I haven’t seen a “Patreon” concept on someone’s website in the wild yet, but I have seen examples like Tantek Çelik’s payment page, that do provide a start to the process. Many CMSs already have many of the other moving parts already built in for things like following/subscribing.

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👓 Former Mass. lawmaker accused of taking hundreds of pounds of free Dunkin’ Donuts coffee | The Hill

Former Mass. lawmaker accused of taking hundreds of pounds of free Dunkin' Donuts coffee by Jacqueline Thomsen (TheHill)
A former Massachusetts state senator was charged Friday with using his position to collect $1 million in bribes, as well as hundreds of pounds of free Dunkin’ Donuts coffee.

If you’re going to put your career at risk, hundreds of pounds of free coffee is a good reason, right?

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Checkin Cross Campus Old Pasadena

Cross Campus Old Pasadena

Listening to Michael Culhane’s talk at the Innovate Friday coffee meetup. He’s talking about “Building a Blockchain based Business and funding it via a TGE.” Interesting talk, but a bit too congratulatory about blockchain potentials with no discussion about many of its downsides.

Cross Campus, Pasadena, California, United States of America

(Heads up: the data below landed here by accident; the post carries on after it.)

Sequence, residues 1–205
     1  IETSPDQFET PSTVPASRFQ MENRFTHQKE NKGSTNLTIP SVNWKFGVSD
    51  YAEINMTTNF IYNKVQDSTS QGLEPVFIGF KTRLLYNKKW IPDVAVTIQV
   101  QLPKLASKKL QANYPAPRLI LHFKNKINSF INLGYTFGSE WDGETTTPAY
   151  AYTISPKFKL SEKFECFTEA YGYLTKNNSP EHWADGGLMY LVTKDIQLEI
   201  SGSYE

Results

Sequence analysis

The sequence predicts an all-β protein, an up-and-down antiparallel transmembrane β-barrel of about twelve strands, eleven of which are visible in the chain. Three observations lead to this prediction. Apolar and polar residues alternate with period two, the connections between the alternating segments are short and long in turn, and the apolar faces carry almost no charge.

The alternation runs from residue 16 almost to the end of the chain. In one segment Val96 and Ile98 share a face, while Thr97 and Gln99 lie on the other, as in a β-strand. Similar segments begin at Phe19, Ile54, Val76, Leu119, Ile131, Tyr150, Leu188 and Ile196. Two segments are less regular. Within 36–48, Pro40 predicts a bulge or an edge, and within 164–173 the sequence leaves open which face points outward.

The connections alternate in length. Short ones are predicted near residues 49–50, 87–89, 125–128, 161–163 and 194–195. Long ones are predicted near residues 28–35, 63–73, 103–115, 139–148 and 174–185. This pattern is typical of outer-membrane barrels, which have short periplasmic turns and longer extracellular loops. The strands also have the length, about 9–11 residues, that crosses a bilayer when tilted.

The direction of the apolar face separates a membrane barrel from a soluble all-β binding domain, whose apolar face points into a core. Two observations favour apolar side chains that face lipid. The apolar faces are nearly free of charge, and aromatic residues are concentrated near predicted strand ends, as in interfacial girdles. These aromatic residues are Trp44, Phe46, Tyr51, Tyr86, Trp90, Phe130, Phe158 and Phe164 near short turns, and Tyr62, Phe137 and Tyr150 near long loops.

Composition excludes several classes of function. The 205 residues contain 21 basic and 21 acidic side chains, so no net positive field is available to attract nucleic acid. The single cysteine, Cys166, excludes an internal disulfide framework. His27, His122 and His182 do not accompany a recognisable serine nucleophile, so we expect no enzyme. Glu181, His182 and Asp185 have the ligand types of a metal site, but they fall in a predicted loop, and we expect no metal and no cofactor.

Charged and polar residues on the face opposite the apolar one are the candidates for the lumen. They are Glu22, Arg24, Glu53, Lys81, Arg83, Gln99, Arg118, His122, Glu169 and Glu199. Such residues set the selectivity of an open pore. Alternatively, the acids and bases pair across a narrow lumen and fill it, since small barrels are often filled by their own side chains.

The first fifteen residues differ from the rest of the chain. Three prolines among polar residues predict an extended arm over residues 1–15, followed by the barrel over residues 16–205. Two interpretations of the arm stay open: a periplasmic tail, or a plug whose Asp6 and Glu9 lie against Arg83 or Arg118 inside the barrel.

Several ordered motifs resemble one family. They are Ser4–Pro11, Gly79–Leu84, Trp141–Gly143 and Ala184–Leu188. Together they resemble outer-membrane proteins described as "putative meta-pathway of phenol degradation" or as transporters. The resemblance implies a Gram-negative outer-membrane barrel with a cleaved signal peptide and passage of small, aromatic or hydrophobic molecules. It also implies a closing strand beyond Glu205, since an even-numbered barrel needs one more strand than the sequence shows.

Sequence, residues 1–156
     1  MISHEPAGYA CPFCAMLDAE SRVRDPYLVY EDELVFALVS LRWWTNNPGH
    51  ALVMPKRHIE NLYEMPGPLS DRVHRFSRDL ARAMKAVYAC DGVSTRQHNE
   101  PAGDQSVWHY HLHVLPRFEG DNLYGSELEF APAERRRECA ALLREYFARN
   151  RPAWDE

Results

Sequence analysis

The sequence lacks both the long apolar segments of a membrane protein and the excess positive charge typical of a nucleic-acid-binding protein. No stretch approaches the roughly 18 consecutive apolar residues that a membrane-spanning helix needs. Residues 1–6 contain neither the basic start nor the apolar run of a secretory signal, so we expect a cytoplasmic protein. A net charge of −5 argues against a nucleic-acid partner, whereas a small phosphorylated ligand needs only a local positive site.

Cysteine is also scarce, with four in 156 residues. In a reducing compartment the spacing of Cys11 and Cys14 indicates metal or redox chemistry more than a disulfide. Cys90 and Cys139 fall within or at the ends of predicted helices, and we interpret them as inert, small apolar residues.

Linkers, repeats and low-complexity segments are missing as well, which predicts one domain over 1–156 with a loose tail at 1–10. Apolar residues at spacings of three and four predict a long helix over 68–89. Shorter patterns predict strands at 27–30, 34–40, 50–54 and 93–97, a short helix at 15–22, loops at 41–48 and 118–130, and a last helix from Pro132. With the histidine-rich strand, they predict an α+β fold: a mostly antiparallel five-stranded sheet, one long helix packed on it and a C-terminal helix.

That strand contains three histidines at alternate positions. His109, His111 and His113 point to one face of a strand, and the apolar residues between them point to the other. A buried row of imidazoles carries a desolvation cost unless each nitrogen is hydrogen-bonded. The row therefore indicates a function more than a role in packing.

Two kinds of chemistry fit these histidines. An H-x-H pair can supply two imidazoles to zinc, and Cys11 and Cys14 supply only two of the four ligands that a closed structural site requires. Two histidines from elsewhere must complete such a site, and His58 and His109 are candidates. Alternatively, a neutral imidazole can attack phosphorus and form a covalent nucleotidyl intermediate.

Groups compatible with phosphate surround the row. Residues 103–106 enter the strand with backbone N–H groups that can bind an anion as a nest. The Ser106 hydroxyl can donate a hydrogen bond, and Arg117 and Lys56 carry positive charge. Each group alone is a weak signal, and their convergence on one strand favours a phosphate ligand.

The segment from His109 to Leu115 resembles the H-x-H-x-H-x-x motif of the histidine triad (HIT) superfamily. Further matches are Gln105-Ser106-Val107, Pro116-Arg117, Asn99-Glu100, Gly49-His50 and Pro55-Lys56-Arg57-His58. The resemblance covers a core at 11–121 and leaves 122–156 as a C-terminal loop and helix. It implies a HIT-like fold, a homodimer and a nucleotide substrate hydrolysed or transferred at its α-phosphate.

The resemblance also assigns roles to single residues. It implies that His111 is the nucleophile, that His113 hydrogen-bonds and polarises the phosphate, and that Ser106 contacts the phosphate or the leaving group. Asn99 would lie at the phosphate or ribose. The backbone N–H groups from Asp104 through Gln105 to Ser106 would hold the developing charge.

It’s not the bigger Twitter quit I’ve been debating for a while, but I’ve just taken the intermediate step of removing the Twitter app and its notifications from my phone. I’m going to be using a handful of feed readers to more purposefully consume curated content in the coming year.

I’ll still syndicate content into Twitter and can use my own website to receive @mentions, comments, and likes, so I won’t really be going anywhere. But I will be leaving behind a lot of the curation, maintenance, poor trained/engrained behaviors, as well as a lot of content that really isn’t doing me much good.

In particular, leaving behind a lot of the toxic content makes me feel lighter and happier already.

h/t Richard MacManus and Jonathan LaCour in the past few hours among many, many others in the near past.

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The Bread Baker’s Apprentice, 15th Anniversary Edition: Mastering the Art of Extraordinary Bread by Peter Reinhart

The Bread Baker's Apprentice, 15th Anniversary Edition: Mastering the Art of Extraordinary Bread: Peter Reinhart: 9781607748656: Amazon.com: Books by Peter ReinhartPeter Reinhart (Tenspeed Press)